The internet is not a get-rich-quick scheme. That ship sailed back in 2000 when the dot-com bubble burst. You need to have a legitimate product or service that is as well-supported offline as it is online. I’m not saying you have to open a brick and mortar, but your company must have real people behind it to succeed. The days of selling vaporware are over.
Far beyond getting a certain number or ratio of links or using keywords a certain number of times, your site must be relevant to obtain good positioning on search engines. And to get into the top 10, it’s got to be far more than just “relevant.” There’s a lot of competition out there for virtually every search term, so you need to be outstanding in some way — whether it’s customer loyalty and love, superior product quality or something truly innovative.
Make sure your site is not just readable on mobile, but mobile friendly. Go the extra mile to provide a pleasant experience with your email campaigns, your coupon experiences, your customer service. There is nothing better for SEO than a bunch of happy customers.
You must think about the future. Wearables like Google Glass and the iWatch are only the beginning. We have already pushed well beyond search engines into Experience Optimization on review sites, Facebook, Pinterest and more. Soon, we will push beyond the limiting edges of websites, too.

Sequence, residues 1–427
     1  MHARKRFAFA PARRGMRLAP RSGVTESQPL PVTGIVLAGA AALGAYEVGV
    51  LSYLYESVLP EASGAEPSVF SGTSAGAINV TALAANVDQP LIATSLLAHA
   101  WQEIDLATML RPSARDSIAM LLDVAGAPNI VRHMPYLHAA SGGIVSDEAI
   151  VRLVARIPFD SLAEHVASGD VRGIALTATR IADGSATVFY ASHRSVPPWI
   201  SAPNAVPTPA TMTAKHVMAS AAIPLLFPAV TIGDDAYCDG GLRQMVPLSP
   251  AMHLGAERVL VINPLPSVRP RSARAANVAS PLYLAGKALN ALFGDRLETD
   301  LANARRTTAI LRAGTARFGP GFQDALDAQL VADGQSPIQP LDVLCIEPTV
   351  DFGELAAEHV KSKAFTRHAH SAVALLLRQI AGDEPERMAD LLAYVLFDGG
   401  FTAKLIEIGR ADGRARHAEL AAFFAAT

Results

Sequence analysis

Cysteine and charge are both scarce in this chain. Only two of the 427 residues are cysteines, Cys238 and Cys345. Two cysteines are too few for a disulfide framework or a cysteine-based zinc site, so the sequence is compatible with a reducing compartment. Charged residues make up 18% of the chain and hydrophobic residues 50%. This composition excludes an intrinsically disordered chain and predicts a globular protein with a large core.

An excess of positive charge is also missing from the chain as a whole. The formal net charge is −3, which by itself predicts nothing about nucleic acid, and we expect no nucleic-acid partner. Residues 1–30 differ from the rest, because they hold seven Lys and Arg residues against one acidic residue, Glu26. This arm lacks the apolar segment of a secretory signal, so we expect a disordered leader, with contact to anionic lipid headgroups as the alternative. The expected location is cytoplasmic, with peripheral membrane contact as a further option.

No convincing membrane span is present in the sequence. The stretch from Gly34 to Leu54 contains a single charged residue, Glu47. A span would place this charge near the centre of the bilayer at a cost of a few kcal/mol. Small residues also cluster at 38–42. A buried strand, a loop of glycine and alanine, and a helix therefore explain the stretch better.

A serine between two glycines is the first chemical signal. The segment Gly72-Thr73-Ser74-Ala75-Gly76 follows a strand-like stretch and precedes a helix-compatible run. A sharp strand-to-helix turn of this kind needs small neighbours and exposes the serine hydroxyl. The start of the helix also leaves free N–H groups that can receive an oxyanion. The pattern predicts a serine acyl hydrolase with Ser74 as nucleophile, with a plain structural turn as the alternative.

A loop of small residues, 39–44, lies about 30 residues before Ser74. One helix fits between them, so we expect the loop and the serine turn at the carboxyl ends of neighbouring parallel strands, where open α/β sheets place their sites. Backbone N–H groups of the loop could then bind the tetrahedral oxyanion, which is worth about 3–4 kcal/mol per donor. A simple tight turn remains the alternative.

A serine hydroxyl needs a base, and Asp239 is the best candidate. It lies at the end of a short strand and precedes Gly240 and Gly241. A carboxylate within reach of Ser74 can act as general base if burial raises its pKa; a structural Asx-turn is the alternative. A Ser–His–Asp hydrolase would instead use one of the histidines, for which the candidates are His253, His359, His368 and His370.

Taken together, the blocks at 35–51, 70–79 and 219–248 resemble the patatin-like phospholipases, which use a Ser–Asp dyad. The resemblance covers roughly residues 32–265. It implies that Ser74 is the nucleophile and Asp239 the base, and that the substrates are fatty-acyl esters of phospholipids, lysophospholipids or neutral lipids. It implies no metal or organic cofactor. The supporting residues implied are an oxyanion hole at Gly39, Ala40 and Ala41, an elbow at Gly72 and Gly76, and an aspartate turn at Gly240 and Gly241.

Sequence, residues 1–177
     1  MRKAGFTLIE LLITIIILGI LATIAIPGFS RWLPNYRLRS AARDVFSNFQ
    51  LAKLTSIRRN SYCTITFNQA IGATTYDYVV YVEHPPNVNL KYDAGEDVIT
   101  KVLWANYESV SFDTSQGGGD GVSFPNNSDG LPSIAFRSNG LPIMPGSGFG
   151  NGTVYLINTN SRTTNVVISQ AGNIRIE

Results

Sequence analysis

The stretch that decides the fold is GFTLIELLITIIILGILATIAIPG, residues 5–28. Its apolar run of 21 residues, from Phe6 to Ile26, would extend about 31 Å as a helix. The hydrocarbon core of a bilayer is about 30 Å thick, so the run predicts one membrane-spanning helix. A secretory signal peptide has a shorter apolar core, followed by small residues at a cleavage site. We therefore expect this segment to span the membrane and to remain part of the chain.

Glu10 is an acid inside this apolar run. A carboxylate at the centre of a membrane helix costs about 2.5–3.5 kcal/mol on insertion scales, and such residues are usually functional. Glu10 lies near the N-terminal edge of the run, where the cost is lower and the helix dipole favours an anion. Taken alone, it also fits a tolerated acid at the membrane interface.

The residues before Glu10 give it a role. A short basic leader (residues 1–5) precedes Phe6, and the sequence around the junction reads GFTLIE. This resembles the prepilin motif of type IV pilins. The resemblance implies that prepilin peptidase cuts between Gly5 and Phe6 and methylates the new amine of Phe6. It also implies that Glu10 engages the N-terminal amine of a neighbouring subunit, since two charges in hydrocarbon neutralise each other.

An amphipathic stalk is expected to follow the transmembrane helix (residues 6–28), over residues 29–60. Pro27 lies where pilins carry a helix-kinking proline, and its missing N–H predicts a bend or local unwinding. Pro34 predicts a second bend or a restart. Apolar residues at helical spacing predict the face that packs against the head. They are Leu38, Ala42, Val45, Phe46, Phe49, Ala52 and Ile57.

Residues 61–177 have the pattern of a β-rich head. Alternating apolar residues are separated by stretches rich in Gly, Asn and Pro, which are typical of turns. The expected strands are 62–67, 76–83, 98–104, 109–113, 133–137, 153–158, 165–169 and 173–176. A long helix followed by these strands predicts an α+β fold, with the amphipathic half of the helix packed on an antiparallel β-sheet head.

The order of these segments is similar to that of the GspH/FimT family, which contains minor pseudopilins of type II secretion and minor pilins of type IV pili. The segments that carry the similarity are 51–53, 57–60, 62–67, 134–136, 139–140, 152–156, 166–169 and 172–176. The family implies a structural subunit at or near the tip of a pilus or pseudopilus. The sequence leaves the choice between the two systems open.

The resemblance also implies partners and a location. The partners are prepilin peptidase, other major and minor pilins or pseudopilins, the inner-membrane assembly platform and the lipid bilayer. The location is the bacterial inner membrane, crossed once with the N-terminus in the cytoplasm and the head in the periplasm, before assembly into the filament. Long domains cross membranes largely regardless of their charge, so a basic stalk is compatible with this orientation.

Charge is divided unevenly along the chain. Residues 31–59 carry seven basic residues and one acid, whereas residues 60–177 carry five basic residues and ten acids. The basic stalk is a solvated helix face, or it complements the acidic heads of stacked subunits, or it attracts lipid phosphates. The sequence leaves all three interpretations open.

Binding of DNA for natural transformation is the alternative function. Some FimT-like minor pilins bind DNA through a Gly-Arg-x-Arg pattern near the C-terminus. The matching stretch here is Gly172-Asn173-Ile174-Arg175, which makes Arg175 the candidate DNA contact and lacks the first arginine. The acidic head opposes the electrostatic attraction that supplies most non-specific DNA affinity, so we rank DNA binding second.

SEO is not a series of tactics, or a system you can game. Studying Google’s algorithms, patents and updates is fun if you’re into data. But if you’re doing it just to reverse-engineer the algorithm, you’re going to fail.
Consider critically how your product or service fits in. How will you leverage new technology in your business or the businesses of your clients? Building these skills and knowledge now will really put you at an advantage over us old-timers, because it’s hard to teach how to “think fourth dimensionally.”
Feel free to scoff at the notion of schema; laugh at the worshippers of FreeBase, and turn your nose up at Wikipedia. Just know that while you’re doing that, they’re laying out the future of how we’ll find things. I hesitate to even call it search, since it won’t be about strings of data, but about understanding things. If you’ve never read the post by Google, Introducing the Knowledge Graph: things, not strings, you need to.
The fundamental problem with the way we’ve always searched is that we use language. And language, by definition, is imperfect and ambiguous. As we leave the four corners of websites behind and strive to understand fundamental connections between things, or “entities,” the rush to schema will make more sense.
Whether we have to keep tagging everything ourselves or search engines just get more advanced at discovering the relationships themselves, entities are the future of how we’ll search. It’s nothing new really, but if I hear one more person refer to Hummingbird as an algorithm update or a penalty…
Hummingbird is a fundamental change in the way the Google database is structured — in the way that the algorithm processes information. It’s the largest change to Google since the introduction of PageRank. To optimize in the age of Hummingbird, it is critical that you understand this.